Boyne Highlands will be installing the Midwest's first six-person bubble chairlift. It's replacing three older, slower three-person lifts—Camelot, Valley and MacGully. It extends to the top of Upper Camelot slope, which will allow for quicker access to a variety of scenic, popular terrain. It will also serve as the primary lift for summer chairlift rides and expanding mountain bike trails. The Camelot slope is being extensively regraded to also allow progressing beginners to enjoy the benefits of the new lift. The new lift will be the ultimate in comfort ride. It will have heated, extra wide seats that are ergonomically designed, plus individual footrests. You'll be warm and protected from the elements with a quick three-minute ride to the top in what the Highlands is billing as the fastest ride in the Midwest.
Snowriver Mountain Resort is installing the first six-seat, high-speed lift in Michigan's Upper Peninsula. A much needed improvement it will be replacing three old double chairlifts that took about a 10-minute ride to climb the 630-foot ski hill, largest in the UP. It's an upside down resort where you start from the top of the ski hill and take the chairlift back to the top where the day lodge and all the lodging is located. The new lift will make it a quick ride back up in about three-and-half minutes, which will mean more slope time. Lutsen Mountains and Granite Peak owner Charles Skinner, Jr. purchased the old Indianhead/Black Jack ski hills last fall renaming it Snowriver Mountain Resort. Look for many improvements over the coming years.
Speaking of Lutsen they are installing a new high-speed, six-person chairlift on popular Eagle Mountain, which will be their second high-speed, six-seater. Their first was installed a few years ago on Moose Mountain. They also operate the only gondola in the Heartland that takes passengers from Eagle up to Moose, which rises over a 1,000 feet above Lake Superior. Travel Blue Book calls Lutsen Mountains one of the “Top Five Ski Resorts You May Not Have Heard Of.” It offers 1,000 skiable acres, an 860-foot skiable drop and 95 runs off four mountain peaks, each offering breathtaking views of Lake Superior. Eagle Mountain offers some of the best spring bump runs around the Great Lakes.
Minnesota's Lutsen Mountains is holding their Meltdown April 14-16, which will feature seven bands over the weekend. You can save up to 40-percent off lift and lodging packages. Three of their four mountains will be open to offer 50-plus runs for your skiing pleasure. They will be open daily through April 9 and reopen for the Meltdown. They originally had planned to stay open weekends through the month as in past years, but due to the installation of their new six-seat Raptor Express Chairlift on Eagle Mountain they will close for the season after skiing on Sunday April 16. The slopes are in prime spring skiing condition having received over 12 feet of snow so far this season, and more is on the way. It's a party on the North Shore.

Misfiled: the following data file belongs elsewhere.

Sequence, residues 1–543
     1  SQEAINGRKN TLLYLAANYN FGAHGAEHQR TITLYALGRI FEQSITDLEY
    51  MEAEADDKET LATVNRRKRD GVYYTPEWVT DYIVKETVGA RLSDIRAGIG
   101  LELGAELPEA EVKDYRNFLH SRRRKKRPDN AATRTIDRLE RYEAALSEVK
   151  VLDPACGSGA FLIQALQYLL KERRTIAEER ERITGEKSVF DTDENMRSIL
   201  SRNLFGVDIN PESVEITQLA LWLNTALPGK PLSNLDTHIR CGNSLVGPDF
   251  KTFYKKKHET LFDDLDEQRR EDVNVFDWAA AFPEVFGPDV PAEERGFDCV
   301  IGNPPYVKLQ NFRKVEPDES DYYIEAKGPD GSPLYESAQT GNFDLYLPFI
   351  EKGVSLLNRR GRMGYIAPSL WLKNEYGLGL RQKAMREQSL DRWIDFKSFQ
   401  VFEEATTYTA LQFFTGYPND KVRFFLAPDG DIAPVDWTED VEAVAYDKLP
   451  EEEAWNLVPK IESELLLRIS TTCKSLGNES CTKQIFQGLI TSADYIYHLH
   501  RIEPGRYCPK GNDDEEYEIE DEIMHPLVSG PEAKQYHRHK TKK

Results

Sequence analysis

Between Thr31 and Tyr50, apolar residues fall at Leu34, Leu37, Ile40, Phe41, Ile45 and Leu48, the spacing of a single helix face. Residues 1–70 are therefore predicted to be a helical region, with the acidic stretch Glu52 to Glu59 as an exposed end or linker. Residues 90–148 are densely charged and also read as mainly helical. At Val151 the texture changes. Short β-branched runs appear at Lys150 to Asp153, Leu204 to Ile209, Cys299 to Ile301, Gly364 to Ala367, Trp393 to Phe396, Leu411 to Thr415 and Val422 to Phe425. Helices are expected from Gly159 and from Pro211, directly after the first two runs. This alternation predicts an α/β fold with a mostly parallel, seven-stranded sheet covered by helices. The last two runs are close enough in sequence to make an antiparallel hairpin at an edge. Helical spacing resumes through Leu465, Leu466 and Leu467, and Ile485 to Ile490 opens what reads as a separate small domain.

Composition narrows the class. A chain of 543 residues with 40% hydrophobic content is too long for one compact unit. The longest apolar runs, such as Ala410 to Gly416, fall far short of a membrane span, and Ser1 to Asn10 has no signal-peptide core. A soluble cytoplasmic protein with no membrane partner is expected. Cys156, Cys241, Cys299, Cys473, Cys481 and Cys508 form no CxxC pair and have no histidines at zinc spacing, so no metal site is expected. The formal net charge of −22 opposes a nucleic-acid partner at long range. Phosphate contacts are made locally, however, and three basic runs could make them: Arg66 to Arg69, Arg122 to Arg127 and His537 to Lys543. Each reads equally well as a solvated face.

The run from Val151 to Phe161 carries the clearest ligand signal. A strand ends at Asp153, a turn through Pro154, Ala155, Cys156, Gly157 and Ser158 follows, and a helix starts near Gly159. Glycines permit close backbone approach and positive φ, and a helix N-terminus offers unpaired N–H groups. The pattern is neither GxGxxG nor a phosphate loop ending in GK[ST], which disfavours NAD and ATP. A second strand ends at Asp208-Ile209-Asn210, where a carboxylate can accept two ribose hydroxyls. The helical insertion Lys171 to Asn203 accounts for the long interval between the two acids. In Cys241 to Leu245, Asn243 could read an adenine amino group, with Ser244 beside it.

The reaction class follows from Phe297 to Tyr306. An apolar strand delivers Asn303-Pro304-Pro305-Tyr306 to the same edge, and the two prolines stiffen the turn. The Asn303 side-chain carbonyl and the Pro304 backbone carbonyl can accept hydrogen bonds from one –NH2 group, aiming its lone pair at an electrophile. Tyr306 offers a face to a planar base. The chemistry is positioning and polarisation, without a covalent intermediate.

Ski Brule, located in Michigan’s UP, plans to stay open Saturday and Sundays through April 15. They just received 18-inches of snow on April 1, no fooling. They are fully open and trails are in great shape. Sunday, April 16, is Carload Day. Pack the car as full as you can and everyone in the car gets a free lift ticket for the day. That is supposed to be their last day of the season. With all the snow they have received and the possibility of more during the month they say, on their website, that the operational schedule is subject to change, which leaves the possibility of staying open weekends later in the month. They have skied weekends through April in past years.
Mount Bohemia, also located in the UP, plans on remaining open weekends through April. Their Nordic Spa will also remain open weekends through the month, which makes the perfect winter weekend getaway. Skiing and spa time afterwards a great combination. All the backcountry skiing is fully open and conditions are in excellent shape. Lift tickets are $87.
Boyne Mountain, in Michigan's Lower Peninsula, is staying open daily through April 9, and possibly longer on weekends as long as the snow holds out. A couple of past years they stayed open weekends into May and often the end of the month.
The ski season is winding down across Montana, but the major ski areas are staying open into April. There’s still time for Heartlanders to plan one more western trip to close out the season, and snow conditions are in excellent shape.